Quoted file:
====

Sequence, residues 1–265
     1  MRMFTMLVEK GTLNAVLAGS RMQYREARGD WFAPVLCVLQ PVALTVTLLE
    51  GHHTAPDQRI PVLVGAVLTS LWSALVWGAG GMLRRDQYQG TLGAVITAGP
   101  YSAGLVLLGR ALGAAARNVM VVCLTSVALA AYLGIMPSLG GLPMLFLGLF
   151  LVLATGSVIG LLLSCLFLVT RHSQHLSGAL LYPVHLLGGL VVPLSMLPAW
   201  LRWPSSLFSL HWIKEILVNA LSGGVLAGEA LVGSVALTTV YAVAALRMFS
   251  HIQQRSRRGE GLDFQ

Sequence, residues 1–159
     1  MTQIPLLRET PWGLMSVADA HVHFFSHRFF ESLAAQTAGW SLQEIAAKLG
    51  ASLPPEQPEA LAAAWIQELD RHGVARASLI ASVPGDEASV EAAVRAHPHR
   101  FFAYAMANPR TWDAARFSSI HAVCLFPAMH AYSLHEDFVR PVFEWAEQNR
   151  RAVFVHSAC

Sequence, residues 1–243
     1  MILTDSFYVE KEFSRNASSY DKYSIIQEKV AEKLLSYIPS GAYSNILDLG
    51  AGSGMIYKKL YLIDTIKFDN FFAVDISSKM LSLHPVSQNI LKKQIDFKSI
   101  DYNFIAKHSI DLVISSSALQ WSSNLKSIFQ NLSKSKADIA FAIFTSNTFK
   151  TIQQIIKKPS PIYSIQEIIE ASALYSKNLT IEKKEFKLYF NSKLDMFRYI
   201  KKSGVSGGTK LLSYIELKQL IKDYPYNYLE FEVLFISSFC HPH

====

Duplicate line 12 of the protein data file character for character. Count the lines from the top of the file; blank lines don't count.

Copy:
   151  RAVFVHSAC